Bread Bin Humidity Control

Reading time: 5 minutes

My home-baked bread loaves were going moldy very quickly (sometimes within 2-3 days) and I wanted to do something about it.

Obvious potential solutions

Passive ventilation

This bread bin didn’t have any ventilation at all, so I started by adding some holes in it. This helped, but I was still finding relative humidity was often over 85%, which I suspected was too high.

In the spirit of over-engineering a solution, I found a research paper1 about bread spoilage:

The excessively humid atmosphere (89.9% rh) dramatically provoked the growth of molds. […] Further, the occurrence of high humidity due to inappropriate wrapping materials or container design was found to promote microbial spoilage. Consequently, both factors should be considered when designing suitable storage methods for bread.1

Reduce storage time

Another obvious mitigation is to eat the bread faster, or freeze slices (which works well for toasting).

Active ventilation

I decided to set up an active ventilation system. Running a fan all the time would make humidity far too low, causing the bread to go stale and dry very quickly, so I built a controllable fan system.


Bread bin showing ventilation holes and fan wire
Bread bin showing ventilation holes and fan wire


  • Any bread bin (I’m using this one)
  • Raspberry Pi (or other computer with Bluetooth and WiFi)
  • 5V DC Fan (I used a tiny ~1 inch fan left over from a Raspberry Pi enclosure kit)
  • ThermoPro TP357 BLE Digital Hygrometer/Thermometer ($12 on Amazon)
  • Smart WiFi plug (I used a Kasa smart plug)
  • Universal DC power supply that can do 5V ($16)
  • Drill & bits for cutting whatever your bread bin is made of (and optionally a hole saw for the fan).

Assembly Steps

  1. Drill some passive ventilation holes into the bread bin.

  2. Create bolt holes and a circular hole for the fan. Find the right nuts & bolts to fasten the fan to the bread bin.

    • If you are in the US, Ace Hardware (at least my local one) have a good selection of bolts. You can try them in-store to avoid having to measure at home and order online.
    • I didn’t have a hole saw so I just made a messy hole with a circle of drill holes and knocked it out.
    • I mounted my fan on the back of the bread bin and drilled holes in the top.
    • NB: I recommend putting some washers between the fan and the bin - otherwise the fan blades might catch, especially if you don’t have a perfectly smooth and even edge on the hole.
  3. Attach the fan - I mounted it as an extractor to create negative pressure, drawing air through the ventilation holes in the lid.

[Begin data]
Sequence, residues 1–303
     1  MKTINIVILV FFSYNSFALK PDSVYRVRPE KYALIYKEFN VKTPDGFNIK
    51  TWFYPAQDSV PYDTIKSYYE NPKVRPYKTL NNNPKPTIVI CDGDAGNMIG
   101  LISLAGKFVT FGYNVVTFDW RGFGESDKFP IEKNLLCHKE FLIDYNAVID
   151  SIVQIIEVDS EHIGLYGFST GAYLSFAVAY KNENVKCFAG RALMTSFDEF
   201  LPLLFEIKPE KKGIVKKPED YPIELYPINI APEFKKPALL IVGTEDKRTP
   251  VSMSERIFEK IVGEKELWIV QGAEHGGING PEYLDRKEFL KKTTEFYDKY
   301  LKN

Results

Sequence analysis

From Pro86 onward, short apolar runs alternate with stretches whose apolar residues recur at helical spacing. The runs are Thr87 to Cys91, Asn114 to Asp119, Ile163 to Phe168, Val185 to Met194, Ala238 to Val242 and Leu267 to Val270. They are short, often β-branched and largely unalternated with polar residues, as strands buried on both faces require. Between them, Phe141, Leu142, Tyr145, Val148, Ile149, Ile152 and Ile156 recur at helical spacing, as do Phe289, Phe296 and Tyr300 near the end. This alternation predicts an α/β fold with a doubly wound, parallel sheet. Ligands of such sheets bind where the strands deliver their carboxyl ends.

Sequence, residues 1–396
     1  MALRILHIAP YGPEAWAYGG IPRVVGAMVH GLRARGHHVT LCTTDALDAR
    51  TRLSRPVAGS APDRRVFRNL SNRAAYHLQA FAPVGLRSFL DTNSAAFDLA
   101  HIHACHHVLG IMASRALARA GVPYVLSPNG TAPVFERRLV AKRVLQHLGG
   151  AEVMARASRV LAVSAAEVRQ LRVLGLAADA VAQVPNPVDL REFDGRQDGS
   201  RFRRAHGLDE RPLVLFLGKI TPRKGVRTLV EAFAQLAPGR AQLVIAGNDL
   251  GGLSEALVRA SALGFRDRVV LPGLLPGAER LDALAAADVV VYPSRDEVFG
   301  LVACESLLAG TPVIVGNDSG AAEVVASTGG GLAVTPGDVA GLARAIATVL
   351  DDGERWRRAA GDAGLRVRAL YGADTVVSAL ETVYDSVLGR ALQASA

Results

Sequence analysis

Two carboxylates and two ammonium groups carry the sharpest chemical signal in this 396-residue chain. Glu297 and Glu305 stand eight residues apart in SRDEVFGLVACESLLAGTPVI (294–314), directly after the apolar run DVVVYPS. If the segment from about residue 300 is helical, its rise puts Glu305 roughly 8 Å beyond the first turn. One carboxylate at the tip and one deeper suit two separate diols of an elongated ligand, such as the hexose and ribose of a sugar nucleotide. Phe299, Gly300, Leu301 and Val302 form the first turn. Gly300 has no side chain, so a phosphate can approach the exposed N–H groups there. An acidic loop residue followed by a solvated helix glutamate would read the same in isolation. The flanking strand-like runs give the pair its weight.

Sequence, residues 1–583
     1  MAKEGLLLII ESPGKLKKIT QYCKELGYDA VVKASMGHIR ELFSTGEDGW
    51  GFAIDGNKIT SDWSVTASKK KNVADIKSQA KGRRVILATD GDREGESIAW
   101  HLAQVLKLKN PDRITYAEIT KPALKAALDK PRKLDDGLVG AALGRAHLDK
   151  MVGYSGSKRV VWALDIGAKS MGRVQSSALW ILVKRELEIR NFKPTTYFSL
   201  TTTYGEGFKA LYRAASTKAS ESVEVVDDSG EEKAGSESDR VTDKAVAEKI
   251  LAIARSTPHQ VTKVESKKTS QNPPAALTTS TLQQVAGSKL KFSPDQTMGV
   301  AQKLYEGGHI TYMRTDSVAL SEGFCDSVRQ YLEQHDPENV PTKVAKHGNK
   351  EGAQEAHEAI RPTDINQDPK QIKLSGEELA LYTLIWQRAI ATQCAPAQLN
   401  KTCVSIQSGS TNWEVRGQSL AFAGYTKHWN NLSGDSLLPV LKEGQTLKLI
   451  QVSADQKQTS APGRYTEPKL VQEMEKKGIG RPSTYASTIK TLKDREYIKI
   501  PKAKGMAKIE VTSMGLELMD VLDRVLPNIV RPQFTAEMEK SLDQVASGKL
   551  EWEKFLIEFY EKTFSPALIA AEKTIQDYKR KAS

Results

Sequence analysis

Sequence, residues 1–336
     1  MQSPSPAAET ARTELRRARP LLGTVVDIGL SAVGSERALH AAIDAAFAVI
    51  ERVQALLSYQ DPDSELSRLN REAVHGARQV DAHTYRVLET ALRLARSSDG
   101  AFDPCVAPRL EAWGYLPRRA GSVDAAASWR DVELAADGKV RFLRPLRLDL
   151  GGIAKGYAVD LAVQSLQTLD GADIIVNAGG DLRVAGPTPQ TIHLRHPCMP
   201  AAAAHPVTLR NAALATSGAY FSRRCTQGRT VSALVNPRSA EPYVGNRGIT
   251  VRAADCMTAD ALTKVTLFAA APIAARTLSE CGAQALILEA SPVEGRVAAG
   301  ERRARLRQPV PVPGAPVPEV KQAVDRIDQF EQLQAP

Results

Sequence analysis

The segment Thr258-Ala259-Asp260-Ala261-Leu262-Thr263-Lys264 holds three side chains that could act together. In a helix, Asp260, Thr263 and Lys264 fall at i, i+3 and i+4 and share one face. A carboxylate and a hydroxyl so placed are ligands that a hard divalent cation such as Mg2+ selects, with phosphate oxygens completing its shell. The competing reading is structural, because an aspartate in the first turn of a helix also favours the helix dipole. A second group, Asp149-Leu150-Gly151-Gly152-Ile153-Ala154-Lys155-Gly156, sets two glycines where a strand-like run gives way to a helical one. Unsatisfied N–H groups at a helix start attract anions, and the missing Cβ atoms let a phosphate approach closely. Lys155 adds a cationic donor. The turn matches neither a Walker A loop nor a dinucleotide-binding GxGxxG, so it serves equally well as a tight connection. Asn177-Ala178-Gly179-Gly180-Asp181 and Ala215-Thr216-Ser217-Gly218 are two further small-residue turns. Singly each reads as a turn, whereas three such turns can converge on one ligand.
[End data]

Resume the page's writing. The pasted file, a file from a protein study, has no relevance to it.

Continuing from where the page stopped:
4. Connect the fan to the DC supply. I just used the screw terminal connector which is a bit ugly but works.

  5. Connect the DC supply to the WiFi plug and test that it works and can turn the fan on.

  6. Put the BLE sensor inside the bread bin. My bread bin is made of enameled steel, so it’s magnetic; the BLE sensor has small magnets on the back.


The TypeScript/Node implementation & README for the following is on GitHub (inversion/bread-humidity-control).

Getting sensor data

The BLE sensor publishes the humidity and temperature information encoded in a GATT characteristic at a regular interval of a few seconds. There are a number of characteristics, but this one clearly varies significantly when moving the sensor from e.g. indoors to outdoors. This guide describes using gatttool to enumerate the sensor’s characteristics, and shows its published characteristic notifications in interactive mode by default. I was able to figure out the encoding for the temperature and humidity values within this characteristic data blob (see the example code).

Controlling the fan

I implemented a very basic ‘control loop’:

  • Turn the fan on if humidity is above the target value.
  • Turn it off if humidity is below the target value.
  • If no readings have been received from the BLE sensor for 60s, turn the fan off; in practice, the BLE connection seems to be very reliable.

I spent a couple of weeks tweaking the target humidity till I was happy with the trade-off of premature staling vs. mold. This will depend on your bread’s moisture content, how quickly you eat it, and your environment. I have settled on a 75% humidity target.

NB: If the program itself crashes, then the fan will just be stuck on whatever state it was at that point. The Kasa smart plugs can be scheduled, so a failsafe of sorts might be to turn the fan off every few hours on a schedule.


The program pushes metrics to a Prometheus pushgateway server and is visualized with Grafana.

Grafana charts of the bread bin data
Grafana charts of the bread bin data

It’s noticeable that the humidity oscillates a couple of percent around the target value - a more sophisticated control loop like PID could help with stability, I haven’t experimented with this as the system works pretty well in practice.

Other tips

  • Wait until the bread has fully cooled down after baking before putting it in the bread bin.
  • Don’t cut the bread from both ends; put the cut side down to stop it drying out too quickly.
  • Clean out old crumbs between loaves to keep mold growth down.

Further, sanitary conditions are essential for the storage of bread and represent a simply accessible way to prolong the stability of bread. 1

This is an alternative, apparently rather effective approach, complete with a fun footnote about safety… UV Mold Free Bread Box.


1 Impact of Storing Condition on Staling and Microbial Spoilage Behavior of Bread and Their Contribution to Prevent Food Waste (Alpers et al., 2021)

comments powered by Disqus